Known as the CODASYL model, the network model allows multiple parents for each record. The lines between records were not foreign keys, but more like pointers (called access path). A query is done by moving a cursor through the database by iterating over lists of records and following access paths. Although it made the most efficient use of the hardware, the model made querying and updating the database complicated and inflexible.

The relational model

The relational model is simply a relation (table) and a collection of tuples (rows). In a relational database, the query optimizer automatically decides how to efficiently execute the query, where the developer has to decide the access path in the network model.

Relational vs. Document Databases Today

  • Document databases: better schema flexibility, better performance due to locality, and closer to data structures in applications.
  • Relational databases: better support for joins, and many-to-one and many-to-many relationships.

Which data model leads to simpler application code?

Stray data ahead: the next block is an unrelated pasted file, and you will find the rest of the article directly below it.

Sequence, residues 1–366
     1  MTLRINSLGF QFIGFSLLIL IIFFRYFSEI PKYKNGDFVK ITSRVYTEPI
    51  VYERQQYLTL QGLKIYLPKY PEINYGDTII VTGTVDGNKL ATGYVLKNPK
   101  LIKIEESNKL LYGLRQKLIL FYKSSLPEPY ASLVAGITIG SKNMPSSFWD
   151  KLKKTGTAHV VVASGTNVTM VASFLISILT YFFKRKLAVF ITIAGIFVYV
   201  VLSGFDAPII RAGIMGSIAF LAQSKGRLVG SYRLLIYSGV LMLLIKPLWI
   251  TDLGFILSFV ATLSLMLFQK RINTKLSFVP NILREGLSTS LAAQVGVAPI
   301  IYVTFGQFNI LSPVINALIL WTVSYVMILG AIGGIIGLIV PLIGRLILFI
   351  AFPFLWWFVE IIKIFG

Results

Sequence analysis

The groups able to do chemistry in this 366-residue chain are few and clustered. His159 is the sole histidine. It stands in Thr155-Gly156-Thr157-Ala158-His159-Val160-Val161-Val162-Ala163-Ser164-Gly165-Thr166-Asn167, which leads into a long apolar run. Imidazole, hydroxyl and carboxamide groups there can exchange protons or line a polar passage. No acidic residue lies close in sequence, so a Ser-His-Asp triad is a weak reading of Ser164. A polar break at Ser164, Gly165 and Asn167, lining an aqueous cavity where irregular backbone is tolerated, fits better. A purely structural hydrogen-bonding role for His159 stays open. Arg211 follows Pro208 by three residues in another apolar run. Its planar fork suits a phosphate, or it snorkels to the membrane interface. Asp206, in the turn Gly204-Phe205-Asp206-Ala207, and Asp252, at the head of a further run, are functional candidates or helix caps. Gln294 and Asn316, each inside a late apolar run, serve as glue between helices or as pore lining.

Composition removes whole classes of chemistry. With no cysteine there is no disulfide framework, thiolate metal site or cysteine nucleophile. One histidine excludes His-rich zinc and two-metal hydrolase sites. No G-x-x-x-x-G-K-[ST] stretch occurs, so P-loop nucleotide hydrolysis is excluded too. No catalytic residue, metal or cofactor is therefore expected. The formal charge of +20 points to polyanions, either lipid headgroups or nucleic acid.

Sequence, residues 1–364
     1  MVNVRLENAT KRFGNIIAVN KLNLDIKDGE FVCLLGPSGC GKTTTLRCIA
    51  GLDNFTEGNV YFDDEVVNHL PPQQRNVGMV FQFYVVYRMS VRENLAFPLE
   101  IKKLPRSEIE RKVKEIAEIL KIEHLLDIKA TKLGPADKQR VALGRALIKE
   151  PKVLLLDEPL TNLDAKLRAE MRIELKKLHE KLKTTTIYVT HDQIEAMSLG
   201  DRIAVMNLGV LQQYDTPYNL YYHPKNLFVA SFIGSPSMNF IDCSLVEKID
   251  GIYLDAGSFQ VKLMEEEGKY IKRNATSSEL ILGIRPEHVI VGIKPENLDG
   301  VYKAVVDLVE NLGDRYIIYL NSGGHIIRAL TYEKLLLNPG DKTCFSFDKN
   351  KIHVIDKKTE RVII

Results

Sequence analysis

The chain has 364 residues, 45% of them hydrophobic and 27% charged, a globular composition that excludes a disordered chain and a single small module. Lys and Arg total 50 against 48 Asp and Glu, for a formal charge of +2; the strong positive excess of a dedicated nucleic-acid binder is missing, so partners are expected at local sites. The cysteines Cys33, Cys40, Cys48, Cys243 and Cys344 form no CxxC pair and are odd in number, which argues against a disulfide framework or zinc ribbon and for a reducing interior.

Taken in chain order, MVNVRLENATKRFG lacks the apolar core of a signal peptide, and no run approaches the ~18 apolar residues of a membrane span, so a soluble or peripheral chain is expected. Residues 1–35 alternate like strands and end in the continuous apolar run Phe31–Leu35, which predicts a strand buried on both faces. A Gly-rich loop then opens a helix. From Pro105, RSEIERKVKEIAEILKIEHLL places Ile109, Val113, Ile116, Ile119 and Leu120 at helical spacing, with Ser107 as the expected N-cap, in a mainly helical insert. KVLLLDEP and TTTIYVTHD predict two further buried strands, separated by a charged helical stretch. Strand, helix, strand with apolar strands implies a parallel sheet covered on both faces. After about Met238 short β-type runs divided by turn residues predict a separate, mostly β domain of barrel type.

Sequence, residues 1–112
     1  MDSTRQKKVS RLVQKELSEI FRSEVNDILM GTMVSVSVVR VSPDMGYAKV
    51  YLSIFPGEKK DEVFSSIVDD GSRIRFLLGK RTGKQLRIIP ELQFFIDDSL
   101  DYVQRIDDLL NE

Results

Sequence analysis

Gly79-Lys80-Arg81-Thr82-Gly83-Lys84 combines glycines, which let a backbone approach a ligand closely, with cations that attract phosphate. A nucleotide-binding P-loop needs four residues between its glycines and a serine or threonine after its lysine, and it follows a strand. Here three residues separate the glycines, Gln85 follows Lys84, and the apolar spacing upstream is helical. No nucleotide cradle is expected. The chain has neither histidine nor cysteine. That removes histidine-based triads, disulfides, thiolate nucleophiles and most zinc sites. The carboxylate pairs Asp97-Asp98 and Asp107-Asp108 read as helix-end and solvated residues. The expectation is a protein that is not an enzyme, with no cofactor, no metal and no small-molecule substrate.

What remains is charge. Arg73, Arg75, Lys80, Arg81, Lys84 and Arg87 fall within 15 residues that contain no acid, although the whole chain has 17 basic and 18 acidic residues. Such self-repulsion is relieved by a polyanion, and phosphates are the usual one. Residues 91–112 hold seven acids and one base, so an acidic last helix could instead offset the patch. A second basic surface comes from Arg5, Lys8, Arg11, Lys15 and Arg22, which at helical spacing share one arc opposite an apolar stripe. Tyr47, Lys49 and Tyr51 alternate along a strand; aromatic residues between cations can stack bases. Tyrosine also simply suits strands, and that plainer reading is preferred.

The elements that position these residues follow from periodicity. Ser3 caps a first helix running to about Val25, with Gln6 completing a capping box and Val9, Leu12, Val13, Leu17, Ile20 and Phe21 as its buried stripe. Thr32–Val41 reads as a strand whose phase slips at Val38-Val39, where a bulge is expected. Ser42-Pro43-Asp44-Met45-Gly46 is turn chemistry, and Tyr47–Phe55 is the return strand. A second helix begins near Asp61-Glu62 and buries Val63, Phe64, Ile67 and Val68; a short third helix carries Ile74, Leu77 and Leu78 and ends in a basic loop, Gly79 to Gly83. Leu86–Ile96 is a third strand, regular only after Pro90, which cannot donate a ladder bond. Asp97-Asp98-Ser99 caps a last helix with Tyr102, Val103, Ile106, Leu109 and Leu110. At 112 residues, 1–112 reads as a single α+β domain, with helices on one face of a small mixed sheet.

• Records in document models are more difficult to directly access when they are deeply nested.
  • For highly interconnected data, document model is awkward, and the relational model is acceptable, and graph models are the most natural.

Schema flexibility in the document level

  • XML support in relational databases usually comes with schema validation while JSON support does not.
  • Document databases is schema-on-read, meaning schema is only interpreted when data is read, in contrast with schema-on-write for relational database, where validation occurs during write time.
  • An analogy to type checking is dynamic type checking (runtime) and static typing checking (compile-time). In general there is no right or wrong answer.
  • Schema-on-read is good if items in the collection don’t all have the same structure. Schema-on-write is good when all records are expected to have the same structure.

Data locality for queries

  • If the whole document (string of JSON, XML) is required by application often, there is a performance advantage to this storage locality (single lookup, no joins required). If only a small portion of the data is required, this can be wasteful.